Congress Increases Pressure on Leagues
Republicans and Democrats in Congress made it clear Wednesday that unless professional sports leagues adopt a uniformly tough stance against steroids -- and maybe even if they do -- the federal government will step in and police drug use for them.
At the start of two days of hearings by a House Commerce and Energy subcommittee -- and on the eve of rival hearings by the House Government Reform Committee -- top management and union officials from baseball, basketball, hockey and soccer testified against federally imposed sanctions.
“From our perspective and I suspect from the perspective of many in Congress, the ability of baseball to police itself is preferable to legislation,” said baseball Commissioner Bud Selig. “If we cannot do it, and I really hope we can, I understand why legislation would be considered by Congress.”
Although there were plenty of lances thrown at all the sports executives, the subcommittee reserved most of its passion -- and anger -- for baseball.
“Most of us think that the only way to clear major league baseball fans of the last decade of doping is by harsher penalties,” said Rep. Lee Terry (R-Neb.), who named two of his sons Nolan and Ryan, after the Hall of Fame pitcher. “I’m frustrated that the players’ union is resisting. I urge you to clean it up and adopt harsher measures soon and perhaps we won’t have to adopt legislation.”
Selig last month proposed harsher new penalties for steroid use in baseball -- a 50-game suspension for the first offense, a 100-game suspension for the second violation and a lifetime ban for the third. The so-called three-strikes-and-you’re-out rule is now being negotiated between Major League Baseball and the players’ union.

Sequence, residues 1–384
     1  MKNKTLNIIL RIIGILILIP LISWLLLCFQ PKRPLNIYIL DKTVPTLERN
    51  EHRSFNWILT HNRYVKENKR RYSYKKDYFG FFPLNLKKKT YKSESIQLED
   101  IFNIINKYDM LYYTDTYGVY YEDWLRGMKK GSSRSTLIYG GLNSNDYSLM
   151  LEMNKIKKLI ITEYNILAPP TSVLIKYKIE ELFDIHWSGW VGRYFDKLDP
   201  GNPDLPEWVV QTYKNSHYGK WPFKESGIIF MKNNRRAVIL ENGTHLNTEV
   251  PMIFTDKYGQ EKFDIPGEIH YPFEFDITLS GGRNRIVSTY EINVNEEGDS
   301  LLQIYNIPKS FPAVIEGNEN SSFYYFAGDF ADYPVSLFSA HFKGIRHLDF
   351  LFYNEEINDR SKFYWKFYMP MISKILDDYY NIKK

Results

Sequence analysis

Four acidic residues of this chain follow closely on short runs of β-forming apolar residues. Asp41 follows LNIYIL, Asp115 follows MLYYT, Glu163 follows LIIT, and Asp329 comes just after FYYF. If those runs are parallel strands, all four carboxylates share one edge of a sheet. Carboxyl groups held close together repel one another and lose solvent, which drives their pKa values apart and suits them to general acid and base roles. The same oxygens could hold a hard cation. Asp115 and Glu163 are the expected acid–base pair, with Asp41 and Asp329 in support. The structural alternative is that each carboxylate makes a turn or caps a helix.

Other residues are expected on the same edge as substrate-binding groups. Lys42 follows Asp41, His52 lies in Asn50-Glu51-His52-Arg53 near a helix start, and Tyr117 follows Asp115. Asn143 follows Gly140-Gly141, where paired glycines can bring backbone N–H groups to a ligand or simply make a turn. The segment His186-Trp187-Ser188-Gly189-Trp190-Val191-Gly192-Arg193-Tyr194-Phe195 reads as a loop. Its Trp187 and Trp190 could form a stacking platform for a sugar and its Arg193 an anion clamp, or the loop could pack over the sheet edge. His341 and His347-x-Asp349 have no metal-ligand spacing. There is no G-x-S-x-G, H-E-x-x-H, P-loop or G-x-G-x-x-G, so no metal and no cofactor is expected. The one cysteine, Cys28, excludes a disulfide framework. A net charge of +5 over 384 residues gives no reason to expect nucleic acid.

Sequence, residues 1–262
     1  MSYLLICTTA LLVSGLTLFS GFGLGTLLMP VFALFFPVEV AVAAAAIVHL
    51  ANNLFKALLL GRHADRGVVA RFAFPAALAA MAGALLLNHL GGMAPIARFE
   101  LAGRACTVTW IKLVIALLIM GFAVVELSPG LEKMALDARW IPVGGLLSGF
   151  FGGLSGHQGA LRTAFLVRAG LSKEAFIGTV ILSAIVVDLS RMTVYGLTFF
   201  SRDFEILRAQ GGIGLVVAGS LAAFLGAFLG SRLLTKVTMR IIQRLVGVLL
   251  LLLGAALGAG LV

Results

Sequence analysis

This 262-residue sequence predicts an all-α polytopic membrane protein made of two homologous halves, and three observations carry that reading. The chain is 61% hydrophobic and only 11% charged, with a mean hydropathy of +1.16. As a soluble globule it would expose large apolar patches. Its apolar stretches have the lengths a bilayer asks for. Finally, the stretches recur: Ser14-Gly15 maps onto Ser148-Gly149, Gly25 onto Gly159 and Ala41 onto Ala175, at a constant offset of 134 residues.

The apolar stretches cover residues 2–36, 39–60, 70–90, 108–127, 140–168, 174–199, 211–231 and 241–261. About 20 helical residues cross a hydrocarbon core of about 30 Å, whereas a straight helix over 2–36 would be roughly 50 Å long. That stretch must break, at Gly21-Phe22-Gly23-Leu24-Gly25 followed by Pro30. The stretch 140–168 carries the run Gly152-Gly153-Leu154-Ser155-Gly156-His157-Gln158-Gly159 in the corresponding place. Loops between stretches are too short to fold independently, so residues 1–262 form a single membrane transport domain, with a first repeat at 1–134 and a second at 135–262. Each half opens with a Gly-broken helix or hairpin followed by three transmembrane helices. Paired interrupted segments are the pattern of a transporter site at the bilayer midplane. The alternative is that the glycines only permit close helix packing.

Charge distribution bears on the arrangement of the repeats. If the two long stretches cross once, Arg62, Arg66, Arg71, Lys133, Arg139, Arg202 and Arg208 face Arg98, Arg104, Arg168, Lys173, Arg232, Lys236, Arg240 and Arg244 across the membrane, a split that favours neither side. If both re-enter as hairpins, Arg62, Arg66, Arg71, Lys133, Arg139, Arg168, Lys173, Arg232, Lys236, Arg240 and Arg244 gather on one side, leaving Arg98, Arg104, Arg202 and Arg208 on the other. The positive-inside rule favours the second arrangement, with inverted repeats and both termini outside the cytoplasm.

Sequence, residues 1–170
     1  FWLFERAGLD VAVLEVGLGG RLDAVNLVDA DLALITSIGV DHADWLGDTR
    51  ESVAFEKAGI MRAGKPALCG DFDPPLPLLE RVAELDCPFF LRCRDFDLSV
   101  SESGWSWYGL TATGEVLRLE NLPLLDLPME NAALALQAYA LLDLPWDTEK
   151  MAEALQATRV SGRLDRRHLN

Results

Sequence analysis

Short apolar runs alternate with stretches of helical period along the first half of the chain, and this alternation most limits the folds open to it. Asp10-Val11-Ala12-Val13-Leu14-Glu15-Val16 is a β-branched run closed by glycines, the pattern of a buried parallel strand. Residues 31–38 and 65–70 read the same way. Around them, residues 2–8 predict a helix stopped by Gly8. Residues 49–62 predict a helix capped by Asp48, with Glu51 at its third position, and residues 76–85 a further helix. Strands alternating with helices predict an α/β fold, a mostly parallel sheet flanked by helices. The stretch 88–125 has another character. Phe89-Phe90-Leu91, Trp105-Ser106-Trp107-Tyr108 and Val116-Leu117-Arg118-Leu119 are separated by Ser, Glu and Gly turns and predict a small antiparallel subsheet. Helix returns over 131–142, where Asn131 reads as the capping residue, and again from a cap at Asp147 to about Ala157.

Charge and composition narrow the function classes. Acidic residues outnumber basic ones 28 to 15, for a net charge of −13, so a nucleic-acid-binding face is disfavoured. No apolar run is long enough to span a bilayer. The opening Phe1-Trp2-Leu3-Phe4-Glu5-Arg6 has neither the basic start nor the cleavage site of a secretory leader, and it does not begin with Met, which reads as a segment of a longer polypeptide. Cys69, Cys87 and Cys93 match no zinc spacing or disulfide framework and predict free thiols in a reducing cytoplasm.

Baseball has long been protected from congressional action by its unique antitrust exemption. But years of suspicion about prominent players such as Mark McGwire and Barry Bonds -- buffeted by Jose Canseco’s tell-all book, the BALCO doping investigation and the March hearings on Capitol Hill that put Major League Baseball on the defensive -- have changed the political climate in Washington.
“I believe in the last three or four months -- and I said this at the owners meeting last week -- that this is now an integrity issue,” Selig said. “Our program is working. But we have issues that now transcend that -- public confidence, integrity.” Later he added, “We can convince ourselves that it’s working, but that is not the issue anymore. The issue is the sport.”
The chairman of the full Commerce and Energy Committee attended the subcommittee’s hearing and warned the sports leaders that federal action was imminent.
“We’ve gone too long letting the marketplace do it,” said Rep. Joe Barton (R-Texas). “We’re open to dialogue as to what’s best.” Encouraging the assembled to work with the subcommittee staff “so we do it right,” Barton added, “the only thing that is not negotiable is that we’re going to have a federal bill.”
The subcommittee chairman, Rep. Cliff Stearns (R-Fla.), has proposed legislation that would impose a two-year suspension on any player in any sport caught using steroids as well as random testing and monetary fines. Arguing against a “one size fits all” panacea, Bob Foose, executive director of the Major League Soccer Players’ Union, said that two years was a career-ender for soccer players.